“The Christian needs another Christian who speaks God’s Word to him again and again when he becomes uncertain, for by himself, he cannot help himself without belying the truth. The Christ in his own heart is weaker than the Christ in the word of his brother; his own heart is uncertain, and his brother’s is sure. . . The Christian must bear the burden of a brother. He must suffer and endure the brother. In bearing with man, God maintained fellowship with them. It is the law of Christ that was fulfilled in the Cross. Christians must share in this law . . . It is the fellowship of the cross to experience the burden of the other. If one does not experience it, the fellowship he belongs to is not Christian.” (pp. 23, 103)
We are not well-organized for this; few churches are. When I first moved to New York, Dr. Dale Irvin was teaching a Sunday morning Bible study on the Letter of James at one of the city’s big Presbyterian churches. I went. James is big on relationships of discipleship and accountability in the church. Dr. Irvin asked the study group how they would respond to their church forming up in groups of accountable discipleship. “No one would come,” one answered, and so said they all. Look, it’s easy to avoid having soul friends, for who wants to grow, if it means learning death to our old self?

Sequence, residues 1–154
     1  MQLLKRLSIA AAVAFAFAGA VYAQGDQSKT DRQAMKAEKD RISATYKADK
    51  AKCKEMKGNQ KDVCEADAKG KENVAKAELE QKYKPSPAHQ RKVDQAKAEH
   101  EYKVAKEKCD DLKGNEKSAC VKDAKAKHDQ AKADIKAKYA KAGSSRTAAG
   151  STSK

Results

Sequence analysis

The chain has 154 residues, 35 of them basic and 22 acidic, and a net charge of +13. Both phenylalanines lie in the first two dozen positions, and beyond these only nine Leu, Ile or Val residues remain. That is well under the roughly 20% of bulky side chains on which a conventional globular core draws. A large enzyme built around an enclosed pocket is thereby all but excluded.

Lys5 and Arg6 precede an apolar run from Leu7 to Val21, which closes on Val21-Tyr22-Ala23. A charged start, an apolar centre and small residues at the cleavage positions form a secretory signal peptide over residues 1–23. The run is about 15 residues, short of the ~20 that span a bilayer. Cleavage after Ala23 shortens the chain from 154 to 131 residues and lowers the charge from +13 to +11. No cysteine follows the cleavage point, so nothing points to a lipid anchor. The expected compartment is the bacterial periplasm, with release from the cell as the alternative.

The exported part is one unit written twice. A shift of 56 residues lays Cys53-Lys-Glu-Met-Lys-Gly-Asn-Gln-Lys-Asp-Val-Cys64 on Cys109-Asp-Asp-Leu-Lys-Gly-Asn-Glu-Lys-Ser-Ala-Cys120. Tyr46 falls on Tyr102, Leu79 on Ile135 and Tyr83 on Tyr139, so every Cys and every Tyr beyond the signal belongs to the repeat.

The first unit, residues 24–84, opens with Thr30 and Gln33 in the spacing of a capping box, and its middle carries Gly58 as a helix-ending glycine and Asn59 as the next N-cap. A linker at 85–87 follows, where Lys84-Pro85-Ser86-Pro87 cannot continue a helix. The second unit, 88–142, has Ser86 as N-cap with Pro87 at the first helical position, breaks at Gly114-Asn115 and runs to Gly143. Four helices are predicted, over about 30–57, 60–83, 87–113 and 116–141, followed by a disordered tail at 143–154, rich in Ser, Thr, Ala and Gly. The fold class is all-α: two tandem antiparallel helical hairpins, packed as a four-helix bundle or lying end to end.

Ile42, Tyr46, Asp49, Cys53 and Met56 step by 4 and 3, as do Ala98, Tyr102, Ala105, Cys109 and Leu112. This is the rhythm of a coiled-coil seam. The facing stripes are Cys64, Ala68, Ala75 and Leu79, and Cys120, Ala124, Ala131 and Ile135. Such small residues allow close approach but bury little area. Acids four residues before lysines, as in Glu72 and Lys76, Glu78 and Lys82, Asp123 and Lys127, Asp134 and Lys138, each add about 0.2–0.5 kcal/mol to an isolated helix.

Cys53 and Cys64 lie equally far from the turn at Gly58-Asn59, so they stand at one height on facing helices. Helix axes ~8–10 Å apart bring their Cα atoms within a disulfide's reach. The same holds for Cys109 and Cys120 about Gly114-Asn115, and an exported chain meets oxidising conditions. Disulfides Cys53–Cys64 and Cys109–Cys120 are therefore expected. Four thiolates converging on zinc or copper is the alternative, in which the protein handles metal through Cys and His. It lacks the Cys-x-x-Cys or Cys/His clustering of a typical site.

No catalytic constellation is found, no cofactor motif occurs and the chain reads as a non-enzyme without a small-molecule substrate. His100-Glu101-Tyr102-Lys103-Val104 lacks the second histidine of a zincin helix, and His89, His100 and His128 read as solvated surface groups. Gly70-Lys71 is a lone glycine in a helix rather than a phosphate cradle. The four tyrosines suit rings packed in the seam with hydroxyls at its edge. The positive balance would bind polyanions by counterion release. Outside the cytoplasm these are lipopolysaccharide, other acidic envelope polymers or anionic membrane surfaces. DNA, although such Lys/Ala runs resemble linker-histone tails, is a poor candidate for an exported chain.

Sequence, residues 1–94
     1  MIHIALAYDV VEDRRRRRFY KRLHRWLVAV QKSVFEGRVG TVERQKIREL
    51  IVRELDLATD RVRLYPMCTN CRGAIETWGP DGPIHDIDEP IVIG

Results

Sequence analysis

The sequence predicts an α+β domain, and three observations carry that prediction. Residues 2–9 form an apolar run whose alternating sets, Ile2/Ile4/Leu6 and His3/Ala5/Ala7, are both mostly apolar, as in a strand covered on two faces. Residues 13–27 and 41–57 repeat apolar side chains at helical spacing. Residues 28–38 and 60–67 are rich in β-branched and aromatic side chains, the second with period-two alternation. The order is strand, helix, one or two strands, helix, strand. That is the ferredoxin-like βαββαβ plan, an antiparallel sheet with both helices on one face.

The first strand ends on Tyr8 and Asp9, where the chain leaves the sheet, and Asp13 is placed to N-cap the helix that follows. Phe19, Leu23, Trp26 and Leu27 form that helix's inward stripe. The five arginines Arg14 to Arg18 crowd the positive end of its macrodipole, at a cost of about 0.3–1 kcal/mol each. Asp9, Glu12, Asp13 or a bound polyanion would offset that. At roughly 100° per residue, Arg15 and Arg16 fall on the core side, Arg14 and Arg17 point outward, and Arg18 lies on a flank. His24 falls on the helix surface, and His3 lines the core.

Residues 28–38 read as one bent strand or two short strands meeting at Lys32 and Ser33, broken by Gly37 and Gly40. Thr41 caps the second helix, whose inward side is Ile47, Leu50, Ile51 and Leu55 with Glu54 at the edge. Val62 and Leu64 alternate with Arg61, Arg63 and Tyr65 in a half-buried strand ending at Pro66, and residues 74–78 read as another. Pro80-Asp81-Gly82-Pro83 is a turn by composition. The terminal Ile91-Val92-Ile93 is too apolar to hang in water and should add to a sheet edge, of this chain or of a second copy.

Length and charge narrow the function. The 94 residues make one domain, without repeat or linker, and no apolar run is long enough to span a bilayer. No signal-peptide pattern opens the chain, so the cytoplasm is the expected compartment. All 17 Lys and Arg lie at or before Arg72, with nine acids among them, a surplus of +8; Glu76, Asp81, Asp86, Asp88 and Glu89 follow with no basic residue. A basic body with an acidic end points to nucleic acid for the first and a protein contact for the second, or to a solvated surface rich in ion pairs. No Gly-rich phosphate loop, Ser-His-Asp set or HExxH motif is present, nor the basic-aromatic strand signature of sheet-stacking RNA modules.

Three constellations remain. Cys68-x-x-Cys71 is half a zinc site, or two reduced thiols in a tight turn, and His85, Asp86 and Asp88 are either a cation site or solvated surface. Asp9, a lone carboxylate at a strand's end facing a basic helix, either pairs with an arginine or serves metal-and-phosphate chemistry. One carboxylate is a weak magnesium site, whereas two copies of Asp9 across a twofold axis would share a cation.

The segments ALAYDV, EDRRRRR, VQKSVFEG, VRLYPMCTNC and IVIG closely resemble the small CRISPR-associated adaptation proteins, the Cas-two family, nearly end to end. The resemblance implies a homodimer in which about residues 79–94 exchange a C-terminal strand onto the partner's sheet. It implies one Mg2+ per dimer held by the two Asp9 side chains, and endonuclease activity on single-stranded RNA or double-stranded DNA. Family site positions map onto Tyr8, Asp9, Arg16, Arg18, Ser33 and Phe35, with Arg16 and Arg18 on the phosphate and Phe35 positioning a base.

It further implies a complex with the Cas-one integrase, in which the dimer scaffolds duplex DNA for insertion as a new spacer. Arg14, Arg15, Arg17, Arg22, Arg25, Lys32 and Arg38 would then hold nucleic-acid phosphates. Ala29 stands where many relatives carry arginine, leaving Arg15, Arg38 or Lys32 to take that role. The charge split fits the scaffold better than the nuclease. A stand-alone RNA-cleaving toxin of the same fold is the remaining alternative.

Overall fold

We serve food to the poor, and offer clothes and showers. But do we listen to them to learn from them? They know things we need to know. We often pity the severely disabled, which keeps them at a safe distance. But they know things we need to learn. We wear these fancy gowns, like the sets of fine garments proud Naaman brought to Elisha to buy a classy healing show. But Elisha refused the garments. Jesus refused. Francis of Assisi refused. Francis, Pope of Rome, is now refusing. Should we not shed everything fancy that keeps us from learning from the poor? Why, whole cultures and nations which the powerful hold in disdain have the help we need, if we learn to take the risk of listening.
God’s future comes to the church, not from best-laid plans, but from dialogue with the help we need; not from anxious arrangements with our fears, or our budgets, but from conversations with soul friends. Healing, after all, is not getting what we thought we wanted. Healing is receiving our own experience of God. That is how it worked for Naaman. The essential thing was not that he get back to being a four-star general. The essential thing is, as he declares in the verse following our reading, “Now I know that there is no God in all the earth except in Israel.” Your healing and mine must come as Naaman’s came, and as it came to the disciples, who learned to become friends, the voice of the help we need.
No longer do I call you servants, but friends. I am giving you these commands so that you may love one another. (John 15:15)
Rev. Stephen H. Phelps
The Riverside Church
New York, New York
© Stephen H. Phelps 2013